Poet, critic and journalist, a key spokesman of the Haskalah, Judah Leib Gordon was born in Vilna, and after a brilliant student career, became a teacher in various Jewish government schools.
His first major poem -- The Love of David and Michal, an epic, was published in 1857, and was followed two years later by Mishlei Yehudah ("Judah's Parables"), translations and adaptations of works by Aesop. Phaedrus, La Fontaine, Lessing, and Krylov. While serving a prison term for alleged anti-Czarist activities, Gordon wrote Zidkiyyahu be- Veit ha-Pekuddot ("King Zedekiah in Prison" 1879), a historical biblical poem reflecting his prison experiences. On his release from prison Gordon became editor of the St. Petersburg Hebrew daily Ha-Meliz and also science editor of the Russian Jewish monthly Voskhod (1881--82). His poem Kozo shel Yod ("The Point on Top of the Yod") was a protest against the oppressed situation of Jewish women of the time.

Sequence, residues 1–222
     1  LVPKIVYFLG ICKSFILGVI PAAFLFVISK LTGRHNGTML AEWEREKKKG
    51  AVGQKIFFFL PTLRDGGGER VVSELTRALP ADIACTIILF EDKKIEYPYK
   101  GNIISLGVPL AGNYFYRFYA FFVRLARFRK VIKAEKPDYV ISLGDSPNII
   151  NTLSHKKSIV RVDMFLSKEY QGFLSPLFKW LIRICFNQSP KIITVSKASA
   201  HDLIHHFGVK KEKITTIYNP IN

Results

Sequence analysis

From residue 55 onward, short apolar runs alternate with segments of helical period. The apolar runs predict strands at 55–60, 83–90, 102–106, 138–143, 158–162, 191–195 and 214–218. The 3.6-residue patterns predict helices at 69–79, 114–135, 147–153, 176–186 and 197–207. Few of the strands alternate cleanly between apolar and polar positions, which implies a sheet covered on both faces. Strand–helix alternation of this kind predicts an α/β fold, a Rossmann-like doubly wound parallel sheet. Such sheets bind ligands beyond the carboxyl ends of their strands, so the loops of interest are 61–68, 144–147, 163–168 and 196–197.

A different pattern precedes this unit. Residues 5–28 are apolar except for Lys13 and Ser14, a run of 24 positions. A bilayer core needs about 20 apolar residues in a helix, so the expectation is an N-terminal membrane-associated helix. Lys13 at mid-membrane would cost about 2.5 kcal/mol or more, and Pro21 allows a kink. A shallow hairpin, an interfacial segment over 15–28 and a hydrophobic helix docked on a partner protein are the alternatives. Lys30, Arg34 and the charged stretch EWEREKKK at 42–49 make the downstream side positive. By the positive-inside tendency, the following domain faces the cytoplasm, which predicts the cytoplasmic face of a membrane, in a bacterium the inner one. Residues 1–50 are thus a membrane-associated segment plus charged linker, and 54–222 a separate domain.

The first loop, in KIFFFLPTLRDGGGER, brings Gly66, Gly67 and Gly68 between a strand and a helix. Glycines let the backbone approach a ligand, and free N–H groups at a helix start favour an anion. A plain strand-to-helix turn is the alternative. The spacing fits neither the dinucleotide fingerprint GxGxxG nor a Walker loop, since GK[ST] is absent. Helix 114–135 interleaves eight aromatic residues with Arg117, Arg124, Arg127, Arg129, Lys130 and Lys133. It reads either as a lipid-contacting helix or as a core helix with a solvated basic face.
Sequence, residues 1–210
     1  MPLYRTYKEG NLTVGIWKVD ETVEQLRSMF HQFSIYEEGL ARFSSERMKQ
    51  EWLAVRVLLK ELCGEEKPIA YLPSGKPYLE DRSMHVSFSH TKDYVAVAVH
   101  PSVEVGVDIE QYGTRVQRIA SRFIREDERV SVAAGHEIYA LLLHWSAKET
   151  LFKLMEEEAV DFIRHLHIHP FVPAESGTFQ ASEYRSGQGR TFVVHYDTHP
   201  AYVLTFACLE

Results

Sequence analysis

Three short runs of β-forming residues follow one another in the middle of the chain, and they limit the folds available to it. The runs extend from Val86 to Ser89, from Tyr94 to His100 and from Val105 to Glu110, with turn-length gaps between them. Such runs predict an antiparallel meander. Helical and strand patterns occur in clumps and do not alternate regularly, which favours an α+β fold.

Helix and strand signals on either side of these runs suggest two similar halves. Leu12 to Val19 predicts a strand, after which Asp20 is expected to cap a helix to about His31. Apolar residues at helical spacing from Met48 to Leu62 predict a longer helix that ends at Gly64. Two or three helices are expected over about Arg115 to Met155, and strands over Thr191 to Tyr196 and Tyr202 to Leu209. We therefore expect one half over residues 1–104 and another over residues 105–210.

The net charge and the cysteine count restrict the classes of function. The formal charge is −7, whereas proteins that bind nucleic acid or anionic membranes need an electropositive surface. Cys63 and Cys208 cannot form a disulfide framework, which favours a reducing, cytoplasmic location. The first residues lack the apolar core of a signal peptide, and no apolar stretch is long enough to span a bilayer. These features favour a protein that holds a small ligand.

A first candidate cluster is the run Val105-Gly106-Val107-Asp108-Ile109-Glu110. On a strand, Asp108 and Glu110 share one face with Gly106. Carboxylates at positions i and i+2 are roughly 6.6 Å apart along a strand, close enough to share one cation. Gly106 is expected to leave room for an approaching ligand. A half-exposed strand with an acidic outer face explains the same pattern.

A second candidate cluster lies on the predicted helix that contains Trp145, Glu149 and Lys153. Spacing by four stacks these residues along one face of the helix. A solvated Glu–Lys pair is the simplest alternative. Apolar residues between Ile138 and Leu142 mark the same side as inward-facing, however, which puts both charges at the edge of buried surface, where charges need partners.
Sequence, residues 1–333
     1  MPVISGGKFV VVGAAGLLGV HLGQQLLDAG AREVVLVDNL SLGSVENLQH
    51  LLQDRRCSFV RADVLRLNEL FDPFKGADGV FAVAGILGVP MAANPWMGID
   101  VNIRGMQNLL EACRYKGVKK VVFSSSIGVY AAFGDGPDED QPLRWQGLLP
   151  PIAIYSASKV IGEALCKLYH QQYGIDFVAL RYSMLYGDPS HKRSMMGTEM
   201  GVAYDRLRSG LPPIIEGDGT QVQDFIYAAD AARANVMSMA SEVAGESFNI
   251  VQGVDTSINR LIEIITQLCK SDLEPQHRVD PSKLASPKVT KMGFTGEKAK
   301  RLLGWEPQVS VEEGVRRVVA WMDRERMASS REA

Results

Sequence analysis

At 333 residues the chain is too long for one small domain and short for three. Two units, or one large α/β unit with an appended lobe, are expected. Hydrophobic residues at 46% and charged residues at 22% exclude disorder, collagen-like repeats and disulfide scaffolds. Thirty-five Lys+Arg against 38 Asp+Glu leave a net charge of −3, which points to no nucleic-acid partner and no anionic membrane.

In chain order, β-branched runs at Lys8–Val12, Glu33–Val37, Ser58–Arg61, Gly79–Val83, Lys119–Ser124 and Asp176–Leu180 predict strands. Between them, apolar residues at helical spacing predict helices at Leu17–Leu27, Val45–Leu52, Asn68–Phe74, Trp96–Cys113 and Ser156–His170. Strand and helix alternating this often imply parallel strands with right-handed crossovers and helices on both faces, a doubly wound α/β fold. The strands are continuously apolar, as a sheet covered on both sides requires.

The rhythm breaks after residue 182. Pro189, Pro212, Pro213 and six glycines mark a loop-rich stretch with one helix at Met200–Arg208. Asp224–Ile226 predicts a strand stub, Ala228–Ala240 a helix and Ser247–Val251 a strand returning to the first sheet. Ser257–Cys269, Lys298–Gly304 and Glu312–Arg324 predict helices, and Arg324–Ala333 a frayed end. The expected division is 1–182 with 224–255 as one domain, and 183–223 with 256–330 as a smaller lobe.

Gordon at first blamed the troubles that plagued Russian Jewry on the traditionalism of the rabbis. He urged Jews to stop speaking Yiddish, to participate more in Russian life. He advocated universal general education and the translation into Hebrew of all literature of general interest, denouncing those who opposed this as wishing "to drive out our Hebrew language from the land of the living." But Gordon's faith in the ability of Russian Jewry to adapt happily under Russian liberalism proved shortlived. After the 1881 pogroms in southern Russia he came to regard emigration to western Europe and America as the only solution to Jewish oppression. Although he actively upheld the Zionist cause, he believed that true redemption could come about only after "our spiritual deliverance."
by C.D.I. Systems 1992 (LTD) and Keter.